The prevention and mitigation of famine: policy lessons from Botswana and Sudan.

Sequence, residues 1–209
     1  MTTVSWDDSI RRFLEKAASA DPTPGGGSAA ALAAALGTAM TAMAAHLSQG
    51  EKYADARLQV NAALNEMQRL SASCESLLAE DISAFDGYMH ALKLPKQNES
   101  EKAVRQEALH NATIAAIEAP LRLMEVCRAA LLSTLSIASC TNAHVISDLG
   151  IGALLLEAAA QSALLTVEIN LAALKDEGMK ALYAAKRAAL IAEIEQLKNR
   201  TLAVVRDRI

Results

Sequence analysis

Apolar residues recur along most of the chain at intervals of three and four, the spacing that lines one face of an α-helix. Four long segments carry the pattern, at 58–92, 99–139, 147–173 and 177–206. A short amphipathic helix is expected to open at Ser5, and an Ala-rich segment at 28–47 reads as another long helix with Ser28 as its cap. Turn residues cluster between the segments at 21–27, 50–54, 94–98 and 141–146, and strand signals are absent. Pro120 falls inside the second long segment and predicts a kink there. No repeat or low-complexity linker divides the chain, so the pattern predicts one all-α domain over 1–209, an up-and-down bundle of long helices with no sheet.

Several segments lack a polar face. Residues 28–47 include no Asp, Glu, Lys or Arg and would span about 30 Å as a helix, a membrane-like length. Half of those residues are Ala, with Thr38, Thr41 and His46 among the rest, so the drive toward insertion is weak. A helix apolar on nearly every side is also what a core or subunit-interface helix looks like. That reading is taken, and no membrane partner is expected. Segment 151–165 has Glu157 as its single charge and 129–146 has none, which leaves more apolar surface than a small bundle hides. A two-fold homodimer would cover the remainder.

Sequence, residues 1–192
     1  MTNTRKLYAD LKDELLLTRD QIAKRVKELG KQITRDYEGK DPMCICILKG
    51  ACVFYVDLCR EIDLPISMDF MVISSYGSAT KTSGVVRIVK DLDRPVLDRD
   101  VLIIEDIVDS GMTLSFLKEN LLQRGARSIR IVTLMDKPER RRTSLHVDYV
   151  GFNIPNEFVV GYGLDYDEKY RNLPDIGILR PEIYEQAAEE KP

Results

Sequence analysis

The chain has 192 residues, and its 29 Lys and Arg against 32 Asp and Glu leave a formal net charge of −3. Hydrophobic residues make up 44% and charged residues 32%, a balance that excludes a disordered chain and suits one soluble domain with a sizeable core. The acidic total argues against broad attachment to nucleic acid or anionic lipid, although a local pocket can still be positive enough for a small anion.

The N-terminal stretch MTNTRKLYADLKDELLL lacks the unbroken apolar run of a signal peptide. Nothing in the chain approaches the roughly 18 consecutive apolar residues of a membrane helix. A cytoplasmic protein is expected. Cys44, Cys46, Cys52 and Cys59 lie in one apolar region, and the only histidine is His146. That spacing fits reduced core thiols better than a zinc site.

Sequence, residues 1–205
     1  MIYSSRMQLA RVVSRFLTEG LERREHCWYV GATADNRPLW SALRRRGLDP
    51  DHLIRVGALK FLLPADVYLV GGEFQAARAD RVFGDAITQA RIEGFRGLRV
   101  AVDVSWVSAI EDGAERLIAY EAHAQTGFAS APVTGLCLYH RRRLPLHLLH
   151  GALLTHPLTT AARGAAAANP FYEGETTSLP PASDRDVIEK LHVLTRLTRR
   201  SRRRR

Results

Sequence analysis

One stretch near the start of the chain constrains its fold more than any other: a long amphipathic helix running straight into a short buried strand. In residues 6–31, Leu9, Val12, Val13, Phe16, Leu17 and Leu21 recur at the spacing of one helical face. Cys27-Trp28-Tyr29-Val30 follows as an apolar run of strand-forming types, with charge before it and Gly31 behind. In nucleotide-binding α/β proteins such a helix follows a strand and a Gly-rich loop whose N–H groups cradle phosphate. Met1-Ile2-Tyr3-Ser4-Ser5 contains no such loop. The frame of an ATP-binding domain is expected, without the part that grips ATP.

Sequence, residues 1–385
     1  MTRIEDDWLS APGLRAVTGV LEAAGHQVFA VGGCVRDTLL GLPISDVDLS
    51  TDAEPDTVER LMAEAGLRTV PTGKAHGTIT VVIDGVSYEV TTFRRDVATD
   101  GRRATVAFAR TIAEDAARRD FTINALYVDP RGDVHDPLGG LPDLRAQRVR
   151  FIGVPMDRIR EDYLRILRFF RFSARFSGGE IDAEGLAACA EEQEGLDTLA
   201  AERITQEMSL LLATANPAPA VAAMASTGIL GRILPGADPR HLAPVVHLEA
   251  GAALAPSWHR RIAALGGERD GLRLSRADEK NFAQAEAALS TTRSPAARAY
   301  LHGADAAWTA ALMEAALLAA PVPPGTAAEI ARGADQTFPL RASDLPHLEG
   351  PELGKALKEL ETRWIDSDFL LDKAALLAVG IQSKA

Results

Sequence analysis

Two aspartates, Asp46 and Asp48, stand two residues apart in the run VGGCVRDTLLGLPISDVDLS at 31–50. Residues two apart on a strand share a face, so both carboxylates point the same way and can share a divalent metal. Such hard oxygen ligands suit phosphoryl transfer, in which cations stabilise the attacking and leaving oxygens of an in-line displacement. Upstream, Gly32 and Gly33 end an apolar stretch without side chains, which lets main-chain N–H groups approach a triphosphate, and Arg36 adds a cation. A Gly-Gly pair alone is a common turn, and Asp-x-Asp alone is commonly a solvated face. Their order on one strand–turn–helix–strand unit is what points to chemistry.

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Botswana and Sudan experienced consecutive years of drought in the 1980s. Sudan faced a large decline in food entitlement and nutritional deterioration, which translated into famine in 1984/85. Botswana, on the other hand, nearly compensated income losses and averted nutritional deterioration and famine-related deaths. There are important lessons to learn from the famine prevention experience of Botswana. Its strategy for dealing with drought and famine combines policies of steady economic growth with supplementary poverty alleviation and drought relief programs. To provide continuity and stabilization of market operations in times of distress, the country channels sufficient food through market chains, provides price support to pre-empt market collapse and augments the income of consumers through public income transfer programs to prevent demand failure. In addition, it maintains a responsive and accountable political system and a decentralized participatory administrative structure. While Sudan should develop policies that are compatible with its own environment, it is crucial that it recognizes the critical role of public action in promoting growth, alleviating poverty, and providing timely relief responses in times of anticipated growth failure.
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